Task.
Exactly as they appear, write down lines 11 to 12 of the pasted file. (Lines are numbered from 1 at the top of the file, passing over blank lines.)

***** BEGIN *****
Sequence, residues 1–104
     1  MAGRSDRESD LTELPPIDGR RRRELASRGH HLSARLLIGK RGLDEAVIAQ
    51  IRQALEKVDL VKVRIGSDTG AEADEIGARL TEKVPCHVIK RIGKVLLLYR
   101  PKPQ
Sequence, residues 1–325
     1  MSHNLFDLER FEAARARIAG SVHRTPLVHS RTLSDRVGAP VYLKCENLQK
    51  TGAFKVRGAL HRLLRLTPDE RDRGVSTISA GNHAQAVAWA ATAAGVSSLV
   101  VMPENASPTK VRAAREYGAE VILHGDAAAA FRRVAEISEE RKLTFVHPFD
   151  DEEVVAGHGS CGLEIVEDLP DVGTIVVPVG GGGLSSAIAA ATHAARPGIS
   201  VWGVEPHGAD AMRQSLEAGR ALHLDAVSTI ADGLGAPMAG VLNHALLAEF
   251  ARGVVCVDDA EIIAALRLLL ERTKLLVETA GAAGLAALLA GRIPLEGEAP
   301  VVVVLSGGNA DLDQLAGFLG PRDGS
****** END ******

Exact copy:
   251  ARGVVCVDDA EIIAALRLLL ERTKLLVETA GAAGLAALLA GRIPLEGEAP
   301  VVVVLSGGNA DLDQLAGFLG PRDGS